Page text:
Aug. 11 (Reuters) – The Limetree Bay refinery may secure another $ 10 million debtor-in-owner (DIP) financing this month, a Houston bankruptcy court judge said on Wednesday, cash that will be used for the settlement of transactions.
The St. Croix refinery in the U.S. Virgin Islands filed for bankruptcy in July after investors invested $ 4.1 billion in an unsuccessful relaunch of the aging facility. A first restart had to be abandoned after its chimneys spat oil on houses and contaminated drinking water.
The 210,000 bpd refinery is expected to receive up to $ 25 million in bridge financing while seeking to restructure nearly $ 2 billion in debt. It has so far received $ 5.5 million from lender DIP Arena Investors LP.
On Monday, Jefferies Financial Group Inc said it had not found a buyer for the facility despite communicating with multiple parties. But Jefferies’ US co-head of restructuring, Michael O’Hara, said if a buyer was found, parts would be available to replace BP Plc as the facility’s crude supplier.
“I’m counting on O’Hara to bring me a buyer,” US bankruptcy court judge David R. Jones said on Wednesday.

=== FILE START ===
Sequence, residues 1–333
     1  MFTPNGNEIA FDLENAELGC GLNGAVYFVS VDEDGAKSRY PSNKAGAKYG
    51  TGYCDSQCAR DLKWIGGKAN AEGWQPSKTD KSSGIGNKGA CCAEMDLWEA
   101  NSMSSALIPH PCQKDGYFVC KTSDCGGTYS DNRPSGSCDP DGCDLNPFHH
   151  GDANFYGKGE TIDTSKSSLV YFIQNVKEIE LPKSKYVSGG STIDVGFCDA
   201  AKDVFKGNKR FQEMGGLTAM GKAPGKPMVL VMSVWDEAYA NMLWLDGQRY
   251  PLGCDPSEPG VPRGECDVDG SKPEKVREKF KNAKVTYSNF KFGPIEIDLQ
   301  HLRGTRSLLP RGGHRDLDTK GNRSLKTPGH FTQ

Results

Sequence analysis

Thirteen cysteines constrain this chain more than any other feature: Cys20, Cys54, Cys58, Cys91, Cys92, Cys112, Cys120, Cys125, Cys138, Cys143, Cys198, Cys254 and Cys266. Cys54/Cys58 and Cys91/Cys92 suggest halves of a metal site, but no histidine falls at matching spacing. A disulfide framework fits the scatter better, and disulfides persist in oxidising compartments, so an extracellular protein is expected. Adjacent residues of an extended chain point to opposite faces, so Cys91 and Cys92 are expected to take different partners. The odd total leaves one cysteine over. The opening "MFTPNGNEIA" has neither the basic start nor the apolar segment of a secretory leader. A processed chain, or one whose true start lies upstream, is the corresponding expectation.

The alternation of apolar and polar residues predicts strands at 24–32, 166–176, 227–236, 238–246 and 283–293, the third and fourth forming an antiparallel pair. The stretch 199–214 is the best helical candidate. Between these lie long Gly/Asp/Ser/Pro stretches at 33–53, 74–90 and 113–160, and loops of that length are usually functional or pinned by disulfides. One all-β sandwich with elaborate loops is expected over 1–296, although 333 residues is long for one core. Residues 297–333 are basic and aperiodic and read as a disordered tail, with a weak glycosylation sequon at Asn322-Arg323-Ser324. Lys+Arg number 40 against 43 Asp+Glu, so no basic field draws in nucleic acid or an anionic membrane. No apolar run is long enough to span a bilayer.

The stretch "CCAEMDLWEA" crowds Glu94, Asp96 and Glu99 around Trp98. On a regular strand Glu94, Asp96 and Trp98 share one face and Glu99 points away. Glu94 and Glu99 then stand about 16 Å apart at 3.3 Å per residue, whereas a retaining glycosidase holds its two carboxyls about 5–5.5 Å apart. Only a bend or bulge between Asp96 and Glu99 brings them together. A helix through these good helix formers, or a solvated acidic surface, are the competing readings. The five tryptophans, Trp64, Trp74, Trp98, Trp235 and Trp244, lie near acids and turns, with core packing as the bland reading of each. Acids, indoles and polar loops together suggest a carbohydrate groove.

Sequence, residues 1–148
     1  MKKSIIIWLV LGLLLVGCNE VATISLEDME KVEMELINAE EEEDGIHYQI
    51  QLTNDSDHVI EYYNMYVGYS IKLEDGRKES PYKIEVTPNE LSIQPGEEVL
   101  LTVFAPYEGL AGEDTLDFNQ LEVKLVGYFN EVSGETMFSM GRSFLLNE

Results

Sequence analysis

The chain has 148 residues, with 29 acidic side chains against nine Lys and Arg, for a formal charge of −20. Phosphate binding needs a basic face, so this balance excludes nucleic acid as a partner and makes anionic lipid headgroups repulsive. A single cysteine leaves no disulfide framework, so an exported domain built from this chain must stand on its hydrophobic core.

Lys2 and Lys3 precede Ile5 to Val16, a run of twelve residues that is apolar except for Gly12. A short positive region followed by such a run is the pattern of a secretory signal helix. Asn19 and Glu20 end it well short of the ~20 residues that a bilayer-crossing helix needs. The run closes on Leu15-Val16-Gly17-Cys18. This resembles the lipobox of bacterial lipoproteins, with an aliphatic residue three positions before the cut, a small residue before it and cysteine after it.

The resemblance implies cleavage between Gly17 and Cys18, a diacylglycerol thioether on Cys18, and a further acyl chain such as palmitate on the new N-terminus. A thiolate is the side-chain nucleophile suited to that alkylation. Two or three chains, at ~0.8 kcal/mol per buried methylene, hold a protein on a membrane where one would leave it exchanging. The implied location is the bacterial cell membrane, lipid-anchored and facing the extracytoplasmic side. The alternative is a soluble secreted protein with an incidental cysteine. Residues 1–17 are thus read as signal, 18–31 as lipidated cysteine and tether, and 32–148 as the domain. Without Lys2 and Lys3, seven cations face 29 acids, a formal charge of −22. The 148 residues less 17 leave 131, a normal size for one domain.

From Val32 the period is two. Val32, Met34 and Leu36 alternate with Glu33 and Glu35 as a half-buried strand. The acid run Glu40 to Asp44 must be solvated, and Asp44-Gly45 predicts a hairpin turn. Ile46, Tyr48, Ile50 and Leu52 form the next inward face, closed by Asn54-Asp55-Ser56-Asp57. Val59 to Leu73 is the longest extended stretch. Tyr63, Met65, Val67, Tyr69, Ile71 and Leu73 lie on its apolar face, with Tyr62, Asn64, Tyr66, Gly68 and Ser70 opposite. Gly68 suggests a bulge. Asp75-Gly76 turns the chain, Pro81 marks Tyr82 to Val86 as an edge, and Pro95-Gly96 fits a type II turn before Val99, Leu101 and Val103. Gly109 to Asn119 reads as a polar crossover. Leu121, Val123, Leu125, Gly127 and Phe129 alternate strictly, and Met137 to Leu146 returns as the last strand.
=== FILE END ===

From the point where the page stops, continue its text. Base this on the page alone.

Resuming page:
The company demanded money to pay workers to remove oil from the nearly closed facility and to reimburse former employees for travel expenses.
U.S. prosecutors are investigating potential violations of the Clean Air Act, Limetree bankruptcy lawyer Elizabeth Green said on Monday.
The investigation deterred potential investors, Limetree lawyers said.
Judge Jones, who is a veteran of refinery restructurings in the South Texas District Court, said in July he was concerned about Limetree’s ability to go through Chapter 11 with the existing DIP loan.
âI don’t think there is any alternative,â Jones said Wednesday.
The process of dismantling the refinery will take several months, the owner of the company, a consortium led by EIG Global Energy Partners, told the Texas court this month. (Reporting by Laura Sanicola; editing by Gary McWilliams and David Gregorio)